Wednesday, 1 August 2012

Morality and Wealth

Socioeconomic factors can have a significant impact on moral issues. For example, a study conducted in the US in 2008 measured the correlation between wealth and divorce rates, and found that people with an income above $75.000 and a college education only have 22% divorce rate compared to 39% in the group with income below $20.000 per annum. Further benefits of wealth can be derived from crime statistics indicating that crime rates are inversely correlated with GDP albeit others find a positive correlation.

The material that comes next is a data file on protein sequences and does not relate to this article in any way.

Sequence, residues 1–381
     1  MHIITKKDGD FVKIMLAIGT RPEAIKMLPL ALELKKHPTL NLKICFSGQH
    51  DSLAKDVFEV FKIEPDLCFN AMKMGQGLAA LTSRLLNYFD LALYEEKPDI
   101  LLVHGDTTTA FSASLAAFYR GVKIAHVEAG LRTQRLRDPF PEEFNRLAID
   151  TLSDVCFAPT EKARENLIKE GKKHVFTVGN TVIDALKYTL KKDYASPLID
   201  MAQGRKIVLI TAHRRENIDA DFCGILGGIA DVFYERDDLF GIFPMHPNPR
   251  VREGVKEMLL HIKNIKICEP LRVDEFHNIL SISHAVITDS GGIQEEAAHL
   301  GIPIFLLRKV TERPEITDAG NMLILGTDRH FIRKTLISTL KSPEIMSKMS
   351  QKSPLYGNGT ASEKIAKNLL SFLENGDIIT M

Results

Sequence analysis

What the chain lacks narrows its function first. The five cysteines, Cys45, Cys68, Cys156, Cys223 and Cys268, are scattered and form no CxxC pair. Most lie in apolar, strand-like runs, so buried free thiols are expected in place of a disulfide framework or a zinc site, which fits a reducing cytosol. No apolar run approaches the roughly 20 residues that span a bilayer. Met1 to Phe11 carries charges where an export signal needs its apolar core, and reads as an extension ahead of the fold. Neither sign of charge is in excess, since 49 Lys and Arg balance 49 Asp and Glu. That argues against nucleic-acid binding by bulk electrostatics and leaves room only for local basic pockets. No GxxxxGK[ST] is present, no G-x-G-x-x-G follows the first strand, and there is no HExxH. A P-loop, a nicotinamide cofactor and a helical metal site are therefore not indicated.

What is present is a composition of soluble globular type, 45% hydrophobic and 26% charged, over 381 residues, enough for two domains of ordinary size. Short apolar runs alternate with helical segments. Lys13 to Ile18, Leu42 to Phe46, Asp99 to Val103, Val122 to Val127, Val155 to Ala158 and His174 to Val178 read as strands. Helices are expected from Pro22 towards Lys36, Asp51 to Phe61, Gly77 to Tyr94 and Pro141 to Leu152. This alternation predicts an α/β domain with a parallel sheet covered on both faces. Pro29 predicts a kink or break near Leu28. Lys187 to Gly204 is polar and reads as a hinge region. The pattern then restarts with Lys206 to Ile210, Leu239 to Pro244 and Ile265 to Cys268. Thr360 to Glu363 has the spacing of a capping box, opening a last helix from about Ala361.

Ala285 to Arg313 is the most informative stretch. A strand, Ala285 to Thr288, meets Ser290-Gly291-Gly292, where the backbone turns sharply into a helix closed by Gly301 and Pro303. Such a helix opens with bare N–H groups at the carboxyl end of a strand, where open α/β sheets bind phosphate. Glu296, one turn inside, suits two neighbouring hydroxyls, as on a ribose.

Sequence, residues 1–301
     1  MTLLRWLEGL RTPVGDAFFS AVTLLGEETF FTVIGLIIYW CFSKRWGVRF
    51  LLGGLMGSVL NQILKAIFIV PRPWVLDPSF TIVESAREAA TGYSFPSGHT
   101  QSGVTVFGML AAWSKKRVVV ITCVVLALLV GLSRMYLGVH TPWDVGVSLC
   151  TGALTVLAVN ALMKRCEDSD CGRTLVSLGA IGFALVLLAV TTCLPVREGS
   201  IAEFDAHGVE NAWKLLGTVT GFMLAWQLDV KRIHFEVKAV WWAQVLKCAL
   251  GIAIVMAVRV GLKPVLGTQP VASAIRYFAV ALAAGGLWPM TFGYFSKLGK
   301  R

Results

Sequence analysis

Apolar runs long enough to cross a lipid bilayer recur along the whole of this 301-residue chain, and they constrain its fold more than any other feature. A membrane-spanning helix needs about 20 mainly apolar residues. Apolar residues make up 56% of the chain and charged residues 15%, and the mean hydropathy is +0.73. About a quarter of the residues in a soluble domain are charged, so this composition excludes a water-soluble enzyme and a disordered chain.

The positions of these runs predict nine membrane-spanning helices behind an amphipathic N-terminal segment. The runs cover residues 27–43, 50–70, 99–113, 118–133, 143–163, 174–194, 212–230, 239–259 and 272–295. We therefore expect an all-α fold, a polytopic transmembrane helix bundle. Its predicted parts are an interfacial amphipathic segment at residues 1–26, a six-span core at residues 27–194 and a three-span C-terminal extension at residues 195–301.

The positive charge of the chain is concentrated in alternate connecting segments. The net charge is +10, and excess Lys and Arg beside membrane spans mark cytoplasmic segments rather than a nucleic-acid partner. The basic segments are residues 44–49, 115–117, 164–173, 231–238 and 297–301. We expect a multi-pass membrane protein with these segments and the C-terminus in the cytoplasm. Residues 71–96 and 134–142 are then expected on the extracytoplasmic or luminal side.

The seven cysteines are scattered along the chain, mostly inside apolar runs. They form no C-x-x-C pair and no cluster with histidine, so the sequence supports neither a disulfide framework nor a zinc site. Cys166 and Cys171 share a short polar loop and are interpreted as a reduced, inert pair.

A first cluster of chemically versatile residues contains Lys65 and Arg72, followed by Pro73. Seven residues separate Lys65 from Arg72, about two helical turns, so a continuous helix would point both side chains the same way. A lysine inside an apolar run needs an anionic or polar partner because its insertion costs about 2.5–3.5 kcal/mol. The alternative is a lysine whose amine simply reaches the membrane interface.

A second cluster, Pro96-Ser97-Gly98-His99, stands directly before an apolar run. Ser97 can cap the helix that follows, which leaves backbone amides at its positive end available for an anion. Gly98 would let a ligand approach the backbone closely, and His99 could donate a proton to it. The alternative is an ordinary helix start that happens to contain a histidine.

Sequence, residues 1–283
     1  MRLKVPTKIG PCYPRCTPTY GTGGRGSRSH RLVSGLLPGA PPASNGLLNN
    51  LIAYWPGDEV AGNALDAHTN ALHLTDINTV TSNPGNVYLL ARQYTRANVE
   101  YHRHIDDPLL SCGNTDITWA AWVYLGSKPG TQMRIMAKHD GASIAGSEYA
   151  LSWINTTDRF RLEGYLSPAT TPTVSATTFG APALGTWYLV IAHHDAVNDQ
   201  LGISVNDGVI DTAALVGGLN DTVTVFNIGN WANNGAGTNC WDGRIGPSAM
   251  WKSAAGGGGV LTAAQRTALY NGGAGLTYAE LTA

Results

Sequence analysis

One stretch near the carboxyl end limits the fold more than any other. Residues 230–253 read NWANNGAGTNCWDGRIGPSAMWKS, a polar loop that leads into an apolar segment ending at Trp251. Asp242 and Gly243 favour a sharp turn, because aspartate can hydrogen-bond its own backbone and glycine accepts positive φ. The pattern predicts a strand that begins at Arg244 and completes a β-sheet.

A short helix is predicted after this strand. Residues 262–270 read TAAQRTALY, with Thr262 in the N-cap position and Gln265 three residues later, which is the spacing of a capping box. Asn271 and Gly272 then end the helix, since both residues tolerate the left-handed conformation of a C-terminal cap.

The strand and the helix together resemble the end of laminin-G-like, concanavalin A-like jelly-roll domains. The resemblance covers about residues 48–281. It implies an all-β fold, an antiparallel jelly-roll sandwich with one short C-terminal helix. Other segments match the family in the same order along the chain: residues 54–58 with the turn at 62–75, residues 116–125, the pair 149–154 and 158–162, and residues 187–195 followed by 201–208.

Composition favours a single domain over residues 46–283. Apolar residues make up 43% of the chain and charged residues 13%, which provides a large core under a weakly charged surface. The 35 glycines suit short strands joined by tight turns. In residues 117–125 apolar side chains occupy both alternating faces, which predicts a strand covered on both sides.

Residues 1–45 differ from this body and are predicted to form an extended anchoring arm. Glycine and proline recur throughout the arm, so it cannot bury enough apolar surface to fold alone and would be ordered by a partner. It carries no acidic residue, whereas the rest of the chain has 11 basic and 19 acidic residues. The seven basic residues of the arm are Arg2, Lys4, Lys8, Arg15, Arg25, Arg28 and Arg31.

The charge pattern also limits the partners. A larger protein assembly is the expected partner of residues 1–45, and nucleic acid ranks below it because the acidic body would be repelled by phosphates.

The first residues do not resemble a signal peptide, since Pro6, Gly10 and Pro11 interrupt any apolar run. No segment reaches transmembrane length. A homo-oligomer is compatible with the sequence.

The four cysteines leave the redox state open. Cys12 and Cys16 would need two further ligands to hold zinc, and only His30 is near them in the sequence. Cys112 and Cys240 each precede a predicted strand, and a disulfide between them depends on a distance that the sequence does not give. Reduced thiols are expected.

More comprehensive analysis shows that the crime rates increase with inequality of wealth distibution. Comparing List of countries by income equality and List of countries by intentional homicide rate gives a visual indication of the importance of wealth distribution. Because of this correlation, some advocate the Redistribution of wealth, possibly to be achieved via taxation. However, the justification of wealth distribution is a matter of debate between philopsophers, social scientists and politicians  Aritstotle in his Nicomachean Ethics talks about generosity as a virtue and claims that is better to be wasteful than stingy with regards to dealing with money.